Every day more is known about them. Yes, at some time they lived with us. They are not everything primitive that is created. We even know that they were the first divers. Now we also know a little more about your diet. Sure, they weren't foodies, but they learned to hunt more animals than we imagined. For example, evidence was found of his diet from more than 80,000 years ago. Neanderthals ate dolphins, mussels, and seals and dolphins. An international research team discovered it. It was during an excavation in the Figueira Brava cave in Portugal. Only Homo Sapiens were thought to forage for food in the sea.
An island that is no longer
Dr. Dirk Hoffmann of the Department of Isotope Geology at the University of Göttingen set the dates. He reviewed the layers of flow stone (calcite deposits that form as stalagmites from dripping water). Using the uranium and thorium method, the age of the layers was set at 86,000 and 106,000 years. This means that the layers date back to the period when Neanderthals settled in Europe. The results of the study were published in the journal Science.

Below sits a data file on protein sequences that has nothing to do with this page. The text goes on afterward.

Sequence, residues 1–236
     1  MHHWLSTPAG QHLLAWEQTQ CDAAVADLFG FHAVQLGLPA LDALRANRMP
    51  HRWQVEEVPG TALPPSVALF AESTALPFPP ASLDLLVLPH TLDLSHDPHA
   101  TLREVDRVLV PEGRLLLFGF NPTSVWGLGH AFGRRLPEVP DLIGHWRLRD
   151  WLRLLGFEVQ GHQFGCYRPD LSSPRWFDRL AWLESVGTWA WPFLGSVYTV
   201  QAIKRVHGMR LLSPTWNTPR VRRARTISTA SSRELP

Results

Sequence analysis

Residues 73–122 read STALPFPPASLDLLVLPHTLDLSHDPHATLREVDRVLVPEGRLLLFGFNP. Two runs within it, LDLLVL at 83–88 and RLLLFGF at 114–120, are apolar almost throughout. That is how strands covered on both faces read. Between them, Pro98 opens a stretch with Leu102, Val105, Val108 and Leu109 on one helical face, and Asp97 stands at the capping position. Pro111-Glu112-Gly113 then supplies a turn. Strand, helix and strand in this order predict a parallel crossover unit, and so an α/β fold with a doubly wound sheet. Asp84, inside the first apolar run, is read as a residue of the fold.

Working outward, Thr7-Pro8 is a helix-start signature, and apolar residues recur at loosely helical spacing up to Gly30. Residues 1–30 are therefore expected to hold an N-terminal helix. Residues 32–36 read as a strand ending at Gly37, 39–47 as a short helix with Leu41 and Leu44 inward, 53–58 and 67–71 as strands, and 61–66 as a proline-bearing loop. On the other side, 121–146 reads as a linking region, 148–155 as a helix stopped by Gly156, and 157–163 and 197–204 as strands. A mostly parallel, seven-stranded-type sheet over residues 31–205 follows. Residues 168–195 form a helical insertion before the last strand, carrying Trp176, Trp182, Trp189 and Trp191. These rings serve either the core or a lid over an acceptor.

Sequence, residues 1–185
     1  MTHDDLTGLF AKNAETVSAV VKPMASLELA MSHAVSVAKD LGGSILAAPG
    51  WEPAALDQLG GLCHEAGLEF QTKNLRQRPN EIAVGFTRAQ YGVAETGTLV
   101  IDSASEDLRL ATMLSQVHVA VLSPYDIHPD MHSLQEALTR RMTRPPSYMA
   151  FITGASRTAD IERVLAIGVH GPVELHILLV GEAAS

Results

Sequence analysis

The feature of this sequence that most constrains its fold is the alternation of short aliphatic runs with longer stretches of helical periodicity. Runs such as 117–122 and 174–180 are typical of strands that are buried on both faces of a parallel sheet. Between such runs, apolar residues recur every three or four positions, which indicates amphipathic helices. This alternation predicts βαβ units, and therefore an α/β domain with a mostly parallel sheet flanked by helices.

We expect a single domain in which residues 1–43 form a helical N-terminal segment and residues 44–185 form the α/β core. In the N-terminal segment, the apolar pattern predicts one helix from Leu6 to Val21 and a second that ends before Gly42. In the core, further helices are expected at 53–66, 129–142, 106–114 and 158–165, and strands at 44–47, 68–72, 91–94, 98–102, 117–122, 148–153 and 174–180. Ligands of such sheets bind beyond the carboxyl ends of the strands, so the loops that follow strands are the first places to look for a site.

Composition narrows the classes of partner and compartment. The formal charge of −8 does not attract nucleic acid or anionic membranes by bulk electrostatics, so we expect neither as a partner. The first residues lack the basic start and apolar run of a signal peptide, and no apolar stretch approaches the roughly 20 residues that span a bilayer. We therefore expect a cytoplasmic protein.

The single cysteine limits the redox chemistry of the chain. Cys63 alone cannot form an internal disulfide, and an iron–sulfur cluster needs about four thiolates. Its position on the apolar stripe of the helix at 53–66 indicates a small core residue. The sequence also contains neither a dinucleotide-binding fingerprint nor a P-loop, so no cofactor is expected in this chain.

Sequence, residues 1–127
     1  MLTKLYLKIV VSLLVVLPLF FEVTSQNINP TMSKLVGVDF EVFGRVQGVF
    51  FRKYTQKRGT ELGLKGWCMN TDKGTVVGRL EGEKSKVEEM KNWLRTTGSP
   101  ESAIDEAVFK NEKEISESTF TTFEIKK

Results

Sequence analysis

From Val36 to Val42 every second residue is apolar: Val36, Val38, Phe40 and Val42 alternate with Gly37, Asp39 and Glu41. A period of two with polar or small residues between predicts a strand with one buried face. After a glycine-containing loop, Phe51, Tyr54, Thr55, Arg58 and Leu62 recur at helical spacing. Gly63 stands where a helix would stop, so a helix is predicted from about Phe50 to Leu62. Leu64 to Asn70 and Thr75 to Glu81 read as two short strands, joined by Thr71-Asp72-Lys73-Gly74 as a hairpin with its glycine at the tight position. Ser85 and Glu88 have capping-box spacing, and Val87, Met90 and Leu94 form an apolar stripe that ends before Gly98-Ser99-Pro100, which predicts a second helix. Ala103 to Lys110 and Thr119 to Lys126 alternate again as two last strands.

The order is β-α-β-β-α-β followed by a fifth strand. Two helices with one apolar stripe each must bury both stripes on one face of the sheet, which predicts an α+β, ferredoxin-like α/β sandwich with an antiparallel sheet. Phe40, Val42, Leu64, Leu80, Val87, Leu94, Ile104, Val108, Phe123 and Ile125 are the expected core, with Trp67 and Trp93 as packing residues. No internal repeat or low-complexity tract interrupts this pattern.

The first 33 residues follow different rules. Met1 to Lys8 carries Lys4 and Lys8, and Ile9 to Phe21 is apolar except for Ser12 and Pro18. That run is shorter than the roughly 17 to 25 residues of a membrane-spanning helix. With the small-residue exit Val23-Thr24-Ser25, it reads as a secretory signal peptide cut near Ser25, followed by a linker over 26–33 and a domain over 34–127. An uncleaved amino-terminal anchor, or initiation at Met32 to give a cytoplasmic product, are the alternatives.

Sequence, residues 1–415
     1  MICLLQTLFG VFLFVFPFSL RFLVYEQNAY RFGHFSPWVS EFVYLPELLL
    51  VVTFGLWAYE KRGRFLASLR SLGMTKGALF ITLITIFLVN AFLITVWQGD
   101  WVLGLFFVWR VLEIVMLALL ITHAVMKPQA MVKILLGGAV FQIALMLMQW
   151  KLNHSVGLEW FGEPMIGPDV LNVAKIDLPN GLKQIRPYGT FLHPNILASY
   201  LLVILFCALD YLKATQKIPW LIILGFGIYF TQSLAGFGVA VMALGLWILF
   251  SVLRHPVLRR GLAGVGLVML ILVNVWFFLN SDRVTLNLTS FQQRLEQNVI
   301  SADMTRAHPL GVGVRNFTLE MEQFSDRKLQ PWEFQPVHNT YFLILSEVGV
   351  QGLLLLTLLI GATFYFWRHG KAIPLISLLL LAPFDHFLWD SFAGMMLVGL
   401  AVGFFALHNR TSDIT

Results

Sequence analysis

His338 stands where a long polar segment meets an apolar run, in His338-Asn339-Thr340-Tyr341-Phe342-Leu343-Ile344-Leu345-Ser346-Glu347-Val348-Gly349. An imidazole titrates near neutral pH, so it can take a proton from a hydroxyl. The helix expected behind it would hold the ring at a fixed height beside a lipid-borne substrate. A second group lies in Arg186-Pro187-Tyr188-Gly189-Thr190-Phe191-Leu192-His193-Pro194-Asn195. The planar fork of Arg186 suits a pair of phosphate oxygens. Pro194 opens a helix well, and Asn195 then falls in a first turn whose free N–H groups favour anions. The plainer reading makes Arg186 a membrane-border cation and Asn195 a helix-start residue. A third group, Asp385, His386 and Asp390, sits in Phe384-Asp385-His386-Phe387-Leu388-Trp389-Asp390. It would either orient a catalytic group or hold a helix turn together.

The Figueira Brava cave is located 30 kilometers south of Lisbon on the slopes of the Serra da Arrábida. Today it is located directly on the coast. But at that time it was two kilometers from the coast. The research team found that Neanderthals living there were able to harvest mussels and fish routinely. They also hunted seals. Their diet included mussels, shellfish, and fish. Neanderthals ate dolphins, waterfowl, and seals.
The benefits of eating fish
This consumption has always been suspected of increasing the cognitive abilities of human populations in Africa. This could explain the early emergence of a culture of modern people using symbolic artifacts. Like body painting with ocher or the use of ornaments. Even the decoration of containers made of ostrich eggs with geometric motifs, "Hoffmann explains in a statement. «It reflects the human capacity for abstract thought and communication through symbols. This contributed to the emergence of more organized and complex societies. "
What do these results demonstrate? Regular consumption of marine life is supposed to play an important role in the development of cognitive skills. So this was also true for Neanderthals. Hoffmann and his co-authors made other important previous discoveries. Like Neanderthals made cave paintings in three caves in the Iberian Peninsula more than 65,000 years ago. And that pierced and painted shells should also be attributed to Neanderthals.
We are increasingly certain that Neanderthals did not differ much from us. To some of the world's rulers, it seems rather the other way around. Perhaps a certain biological heritage remains there.